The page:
Autoantibodies targeting G protein-coupled receptors: An evolving history in autoimmunity. Report of the 4th international symposium

Otávio Cabral-Marques*, Guido Moll, Rusan Catar, Beate Preuß, Lukas Bankamp, Ann Christin Pecher, Joerg Henes, Reinhild Klein, A. S. Kamalanathan, Reza Akbarzadeh, Wieke van Oostveen, Bettina Hohberger, Matthias Endres, Bryan Koolmoes, Nivine Levarht, Rudmer Postma, Vincent van Duinen, Anton Jan van Zonneveld, Jeska de Vries-Bouwstra, Cynthia FehresFlorian Tran, Fernando Yuri Nery do Vale, Kamilla Batista da Silva Souza, Igor Salerno Filgueiras, Lena F. Schimke, Gabriela Crispim Baiocchi, Gustavo Cabral de Miranda, Dennyson Leandro Mathias da Fonseca, Paula Paccielli Freire, Alexander M. Hackel, Hanna Grasshoff, Anja Kerstein-Stähle, Antje Müller, Ralf Dechend, Xinhua Yu, Frank Petersen, Franziska Sotzny, Thomas P. Sakmar, Hans D. Ochs, Kai Schulze-Forster, Harald Heidecke, Carmen Scheibenbogen, Yehuda Shoenfeld, Gabriela Riemekasten*

*Corresponding author for this work
1 Citation (Scopus)


G protein-coupled receptors (GPCR) are involved in various physiological and pathophysiological processes. Functional autoantibodies targeting GPCRs have been associated with multiple disease manifestations in this context. Here we summarize and discuss the relevant findings and concepts presented in the biennial International Meeting on autoantibodies targeting GPCRs (the 4th Symposium), held in Lübeck, Germany, 15–16 September 2022. The symposium focused on the current knowledge of these autoantibodies' role in various diseases, such as cardiovascular, renal, infectious (COVID-19), and autoimmune diseases (e.g., systemic sclerosis and systemic lupus erythematosus). Beyond their association with disease phenotypes, intense research related to the mechanistic action of these autoantibodies on immune regulation and pathogenesis has been developed, underscoring the role of autoantibodies targeting GPCRs on disease outcomes and etiopathogenesis. The observation repeatedly highlighted that autoantibodies targeting GPCRs could also be present in healthy individuals, suggesting that anti-GPCR autoantibodies play a physiologic role in modeling the course of diseases. Since numerous therapies targeting GPCRs have been developed, including small molecules and monoclonal antibodies designed for treating cancer, infections, metabolic disorders, or inflammatory conditions, anti-GPCR autoantibodies themselves can serve as therapeutic targets to reduce patients' morbidity and mortality, representing a new area for the development of novel therapeutic interventions.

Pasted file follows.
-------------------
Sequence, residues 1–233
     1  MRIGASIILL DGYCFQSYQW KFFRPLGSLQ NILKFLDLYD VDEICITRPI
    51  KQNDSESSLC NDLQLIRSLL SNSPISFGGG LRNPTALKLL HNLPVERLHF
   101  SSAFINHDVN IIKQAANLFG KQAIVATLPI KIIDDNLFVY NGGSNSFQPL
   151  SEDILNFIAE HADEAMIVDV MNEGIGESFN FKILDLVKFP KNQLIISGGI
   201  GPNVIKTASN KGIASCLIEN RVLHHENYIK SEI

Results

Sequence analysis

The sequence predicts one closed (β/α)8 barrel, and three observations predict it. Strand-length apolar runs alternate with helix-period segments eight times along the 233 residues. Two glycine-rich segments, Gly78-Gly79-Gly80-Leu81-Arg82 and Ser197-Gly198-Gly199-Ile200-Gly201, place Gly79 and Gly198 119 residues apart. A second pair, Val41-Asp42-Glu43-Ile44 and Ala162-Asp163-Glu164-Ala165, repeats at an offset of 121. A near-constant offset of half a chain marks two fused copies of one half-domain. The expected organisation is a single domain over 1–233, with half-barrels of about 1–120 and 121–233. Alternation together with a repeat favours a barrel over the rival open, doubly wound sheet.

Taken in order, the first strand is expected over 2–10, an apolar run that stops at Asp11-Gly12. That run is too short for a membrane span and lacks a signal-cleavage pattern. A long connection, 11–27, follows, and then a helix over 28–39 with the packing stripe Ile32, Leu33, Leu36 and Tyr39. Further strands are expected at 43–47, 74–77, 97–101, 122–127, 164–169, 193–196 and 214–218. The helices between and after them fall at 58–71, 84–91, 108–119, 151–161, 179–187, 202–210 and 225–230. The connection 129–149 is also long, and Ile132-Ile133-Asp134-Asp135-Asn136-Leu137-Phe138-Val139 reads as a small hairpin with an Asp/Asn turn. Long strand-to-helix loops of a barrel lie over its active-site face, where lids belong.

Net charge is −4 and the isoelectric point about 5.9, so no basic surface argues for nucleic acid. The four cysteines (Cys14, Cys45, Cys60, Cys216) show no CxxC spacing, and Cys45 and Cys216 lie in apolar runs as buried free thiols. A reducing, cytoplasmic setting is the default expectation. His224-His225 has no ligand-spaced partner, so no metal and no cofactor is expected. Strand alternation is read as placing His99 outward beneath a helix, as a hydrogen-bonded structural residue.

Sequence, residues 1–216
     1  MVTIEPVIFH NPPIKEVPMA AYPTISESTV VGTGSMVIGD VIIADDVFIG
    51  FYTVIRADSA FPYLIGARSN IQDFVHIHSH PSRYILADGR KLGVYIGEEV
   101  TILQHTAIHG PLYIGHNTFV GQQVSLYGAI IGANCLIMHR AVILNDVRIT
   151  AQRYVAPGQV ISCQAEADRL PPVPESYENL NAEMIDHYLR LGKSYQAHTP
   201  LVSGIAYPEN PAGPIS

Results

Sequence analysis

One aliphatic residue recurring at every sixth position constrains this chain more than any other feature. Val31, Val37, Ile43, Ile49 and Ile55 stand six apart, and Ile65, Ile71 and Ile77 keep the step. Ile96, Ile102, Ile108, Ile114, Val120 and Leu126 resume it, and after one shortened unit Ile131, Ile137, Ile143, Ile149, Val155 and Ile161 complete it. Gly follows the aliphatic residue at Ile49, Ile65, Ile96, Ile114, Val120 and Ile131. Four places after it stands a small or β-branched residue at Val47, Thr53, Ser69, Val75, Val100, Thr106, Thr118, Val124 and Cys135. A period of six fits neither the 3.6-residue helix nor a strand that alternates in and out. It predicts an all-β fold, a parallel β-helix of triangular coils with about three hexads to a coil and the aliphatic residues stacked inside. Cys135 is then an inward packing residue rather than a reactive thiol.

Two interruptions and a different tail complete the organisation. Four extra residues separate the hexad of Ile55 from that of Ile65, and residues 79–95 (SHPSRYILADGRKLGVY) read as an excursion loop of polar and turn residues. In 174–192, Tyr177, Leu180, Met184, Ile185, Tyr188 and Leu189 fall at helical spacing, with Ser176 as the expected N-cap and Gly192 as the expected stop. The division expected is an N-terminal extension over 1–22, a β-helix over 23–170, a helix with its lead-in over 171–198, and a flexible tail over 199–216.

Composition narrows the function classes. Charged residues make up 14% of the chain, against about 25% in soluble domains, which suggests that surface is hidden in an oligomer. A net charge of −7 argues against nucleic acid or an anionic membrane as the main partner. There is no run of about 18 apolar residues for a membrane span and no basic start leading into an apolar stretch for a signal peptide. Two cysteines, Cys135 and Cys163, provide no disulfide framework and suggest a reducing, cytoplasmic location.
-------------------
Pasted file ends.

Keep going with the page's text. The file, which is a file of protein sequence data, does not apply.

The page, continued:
Original languageEnglish
Article number103310
JournalAutoimmunity Reviews
Issue number5
Pages (from-to)103310
Publication statusPublished - 05.2023

Research Areas and Centers

  • Academic Focus: Center for Infection and Inflammation Research (ZIEL)


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